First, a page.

‘Casablanca’ is not so much about the celebration of love as it is about the sheer desire to be loved. Very few movies deal with the concept of romantic deceit better than ‘Casablanca’. However, one factor that differentiates the movie despite its obvious banalities is its ability to arouse emotions and empathy. While the plotline is fairly predictable, there is a strong undercurrent of fundamental human instincts that propel the film forward in its journey. The presence of the likes of Claude Rains, Sydney Greenstreet and Peter Lorre as supporting actors helps the cause of the movie immensely. Claude Rains, plying the role of Captain Louis Renault, turns in one of the most memorable performances in the history of cinema. The renowned movie critic and film historian Roger Ebert described the character as the “subtly homosexual police chief”. However, the deduction could be logically opposed as well on multiple grounds.
All said and done though, the USP of the movie happens to be a collection of some of the most memorable dialogues that still permeate the ears of cinephiles from all across the globe. The moral and emotional ambiguity in the film helps set up the central narrative. It is another thing though that Bergman didn’t know the ending of the movie when it was being made. Probably, this is one of the reasons why Bergman acted the way she did without taking an obvious moral siding.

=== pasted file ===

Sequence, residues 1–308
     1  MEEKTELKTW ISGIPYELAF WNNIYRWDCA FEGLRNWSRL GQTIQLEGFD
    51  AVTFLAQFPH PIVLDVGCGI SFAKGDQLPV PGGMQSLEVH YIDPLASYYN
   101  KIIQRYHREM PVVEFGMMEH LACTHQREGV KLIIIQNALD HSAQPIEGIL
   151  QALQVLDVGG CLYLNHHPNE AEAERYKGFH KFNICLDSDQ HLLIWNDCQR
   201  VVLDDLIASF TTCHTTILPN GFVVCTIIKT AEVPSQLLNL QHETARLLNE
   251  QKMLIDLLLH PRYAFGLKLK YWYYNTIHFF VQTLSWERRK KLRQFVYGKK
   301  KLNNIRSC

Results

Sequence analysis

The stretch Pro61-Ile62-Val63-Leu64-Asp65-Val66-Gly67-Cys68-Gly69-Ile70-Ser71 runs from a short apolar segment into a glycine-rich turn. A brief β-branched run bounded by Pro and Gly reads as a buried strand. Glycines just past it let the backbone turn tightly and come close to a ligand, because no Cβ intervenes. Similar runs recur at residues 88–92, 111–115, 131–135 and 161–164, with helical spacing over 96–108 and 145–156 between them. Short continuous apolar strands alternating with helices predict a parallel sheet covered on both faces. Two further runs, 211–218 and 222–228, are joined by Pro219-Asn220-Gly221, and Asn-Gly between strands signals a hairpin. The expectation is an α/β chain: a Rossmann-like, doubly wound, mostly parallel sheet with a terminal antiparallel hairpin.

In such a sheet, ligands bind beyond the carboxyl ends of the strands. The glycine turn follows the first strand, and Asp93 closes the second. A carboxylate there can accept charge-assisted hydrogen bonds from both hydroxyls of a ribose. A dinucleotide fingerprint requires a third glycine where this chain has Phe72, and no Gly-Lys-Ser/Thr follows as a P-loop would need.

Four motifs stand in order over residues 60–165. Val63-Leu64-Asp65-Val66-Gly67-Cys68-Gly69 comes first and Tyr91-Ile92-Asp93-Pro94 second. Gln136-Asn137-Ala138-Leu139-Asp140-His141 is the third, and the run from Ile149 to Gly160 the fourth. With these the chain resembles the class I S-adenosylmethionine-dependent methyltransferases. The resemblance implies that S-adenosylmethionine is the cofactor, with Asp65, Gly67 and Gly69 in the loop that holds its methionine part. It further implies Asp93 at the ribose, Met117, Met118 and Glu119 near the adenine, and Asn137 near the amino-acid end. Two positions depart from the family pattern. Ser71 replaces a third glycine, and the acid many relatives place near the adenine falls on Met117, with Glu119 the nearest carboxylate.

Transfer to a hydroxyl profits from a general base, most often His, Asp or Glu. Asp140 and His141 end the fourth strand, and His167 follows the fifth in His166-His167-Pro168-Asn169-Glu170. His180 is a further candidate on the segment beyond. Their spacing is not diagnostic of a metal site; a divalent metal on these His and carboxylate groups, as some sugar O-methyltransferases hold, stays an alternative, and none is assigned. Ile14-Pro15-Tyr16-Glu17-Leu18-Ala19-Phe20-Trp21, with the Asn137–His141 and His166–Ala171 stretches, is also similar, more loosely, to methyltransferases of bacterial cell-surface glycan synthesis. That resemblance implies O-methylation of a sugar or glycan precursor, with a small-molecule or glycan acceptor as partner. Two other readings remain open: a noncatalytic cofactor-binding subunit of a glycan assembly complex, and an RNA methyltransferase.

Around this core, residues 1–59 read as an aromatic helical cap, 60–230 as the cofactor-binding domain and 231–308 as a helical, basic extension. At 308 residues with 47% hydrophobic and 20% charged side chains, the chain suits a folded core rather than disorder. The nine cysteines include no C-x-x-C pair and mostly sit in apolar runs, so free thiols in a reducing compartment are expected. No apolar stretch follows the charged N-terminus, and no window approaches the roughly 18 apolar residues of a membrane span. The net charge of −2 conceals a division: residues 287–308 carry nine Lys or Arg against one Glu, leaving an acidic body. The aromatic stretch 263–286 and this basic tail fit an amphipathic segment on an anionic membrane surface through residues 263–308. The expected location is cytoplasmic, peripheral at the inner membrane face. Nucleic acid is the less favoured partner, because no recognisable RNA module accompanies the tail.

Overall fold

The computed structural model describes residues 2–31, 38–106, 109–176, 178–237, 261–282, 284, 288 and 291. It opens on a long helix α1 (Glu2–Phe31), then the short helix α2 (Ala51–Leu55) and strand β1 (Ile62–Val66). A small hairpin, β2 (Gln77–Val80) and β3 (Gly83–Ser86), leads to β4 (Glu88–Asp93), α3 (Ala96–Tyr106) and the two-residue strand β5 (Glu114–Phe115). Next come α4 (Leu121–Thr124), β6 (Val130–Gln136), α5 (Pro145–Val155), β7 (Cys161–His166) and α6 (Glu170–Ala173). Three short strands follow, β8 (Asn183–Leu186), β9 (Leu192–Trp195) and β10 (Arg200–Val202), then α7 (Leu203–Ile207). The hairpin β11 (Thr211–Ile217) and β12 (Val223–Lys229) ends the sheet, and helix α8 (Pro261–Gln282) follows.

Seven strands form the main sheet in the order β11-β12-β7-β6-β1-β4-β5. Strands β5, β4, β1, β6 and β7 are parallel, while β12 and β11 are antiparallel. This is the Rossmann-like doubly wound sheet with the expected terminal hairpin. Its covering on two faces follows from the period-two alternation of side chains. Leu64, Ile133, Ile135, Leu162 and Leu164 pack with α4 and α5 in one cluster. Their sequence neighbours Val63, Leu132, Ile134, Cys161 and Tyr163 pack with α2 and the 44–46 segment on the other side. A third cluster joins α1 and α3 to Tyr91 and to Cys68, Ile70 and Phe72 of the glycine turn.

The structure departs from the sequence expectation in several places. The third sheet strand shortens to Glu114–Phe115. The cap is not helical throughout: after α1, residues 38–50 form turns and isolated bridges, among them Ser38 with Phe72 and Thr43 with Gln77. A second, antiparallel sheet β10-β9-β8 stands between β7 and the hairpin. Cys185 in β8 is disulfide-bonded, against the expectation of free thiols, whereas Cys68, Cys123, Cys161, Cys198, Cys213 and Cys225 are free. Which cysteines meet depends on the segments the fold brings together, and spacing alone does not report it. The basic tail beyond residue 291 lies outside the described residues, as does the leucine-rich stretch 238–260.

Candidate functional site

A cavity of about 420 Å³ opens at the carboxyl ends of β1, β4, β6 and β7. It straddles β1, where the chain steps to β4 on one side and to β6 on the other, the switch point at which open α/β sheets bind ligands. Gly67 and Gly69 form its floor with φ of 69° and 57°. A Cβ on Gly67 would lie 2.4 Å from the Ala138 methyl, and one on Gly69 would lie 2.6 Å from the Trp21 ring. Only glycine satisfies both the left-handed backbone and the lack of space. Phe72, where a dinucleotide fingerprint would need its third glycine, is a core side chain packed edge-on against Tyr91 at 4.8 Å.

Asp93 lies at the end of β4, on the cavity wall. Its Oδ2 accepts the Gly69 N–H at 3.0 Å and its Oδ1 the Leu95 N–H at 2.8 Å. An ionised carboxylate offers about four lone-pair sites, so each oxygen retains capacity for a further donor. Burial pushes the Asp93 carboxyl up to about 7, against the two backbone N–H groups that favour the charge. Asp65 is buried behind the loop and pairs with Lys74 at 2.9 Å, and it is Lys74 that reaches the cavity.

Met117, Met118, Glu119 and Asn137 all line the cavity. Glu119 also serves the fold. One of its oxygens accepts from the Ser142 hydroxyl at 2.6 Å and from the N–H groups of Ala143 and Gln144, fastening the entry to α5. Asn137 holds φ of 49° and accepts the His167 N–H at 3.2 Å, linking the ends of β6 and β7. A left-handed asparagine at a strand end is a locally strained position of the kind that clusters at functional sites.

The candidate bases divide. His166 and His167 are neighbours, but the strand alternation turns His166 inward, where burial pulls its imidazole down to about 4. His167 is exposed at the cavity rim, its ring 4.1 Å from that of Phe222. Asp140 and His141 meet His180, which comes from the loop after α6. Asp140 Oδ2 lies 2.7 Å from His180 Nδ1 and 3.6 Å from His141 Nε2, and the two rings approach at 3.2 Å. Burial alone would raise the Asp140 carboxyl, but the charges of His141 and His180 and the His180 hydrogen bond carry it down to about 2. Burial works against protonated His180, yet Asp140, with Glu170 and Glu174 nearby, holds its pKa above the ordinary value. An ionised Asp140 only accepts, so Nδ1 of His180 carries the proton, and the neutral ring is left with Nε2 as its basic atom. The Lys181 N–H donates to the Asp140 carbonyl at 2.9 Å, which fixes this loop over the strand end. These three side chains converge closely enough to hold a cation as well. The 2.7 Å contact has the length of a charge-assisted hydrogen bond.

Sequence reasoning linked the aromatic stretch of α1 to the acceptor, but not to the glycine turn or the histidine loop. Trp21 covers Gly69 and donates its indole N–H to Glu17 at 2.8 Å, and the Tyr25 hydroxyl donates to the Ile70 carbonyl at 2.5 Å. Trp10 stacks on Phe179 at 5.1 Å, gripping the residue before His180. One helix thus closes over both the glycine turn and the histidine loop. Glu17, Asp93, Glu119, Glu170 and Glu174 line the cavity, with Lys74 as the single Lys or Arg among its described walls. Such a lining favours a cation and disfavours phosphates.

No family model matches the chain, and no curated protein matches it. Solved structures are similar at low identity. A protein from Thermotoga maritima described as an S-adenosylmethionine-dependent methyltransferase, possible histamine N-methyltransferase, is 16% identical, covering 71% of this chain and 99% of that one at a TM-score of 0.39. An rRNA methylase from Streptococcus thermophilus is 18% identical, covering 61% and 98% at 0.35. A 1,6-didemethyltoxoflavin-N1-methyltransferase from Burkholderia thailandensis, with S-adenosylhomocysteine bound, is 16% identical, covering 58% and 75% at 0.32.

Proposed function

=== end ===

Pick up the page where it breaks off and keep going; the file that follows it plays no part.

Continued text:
The melancholy Paul Henreid plays the role of Victor Laszlo, a famed leader of the French Resistance against the Nazis. The moral dilemma, that plays the central role in the movie, catapults the movie to dizzy heights. Critics have often branded the film as one whose value multiplies with each viewing. It could very well be mentioned that great films, like great books, could be watched over and over again without ever exhausting its contents. Also, it could be viewed by multiple viewers using a multitude of perspectives. ‘Casablanca’ perfectly fits the category. While the horrors of the Nazi rule constitute one of the inherent themes in the movie, the invincibility of the human spirit is unarguably another.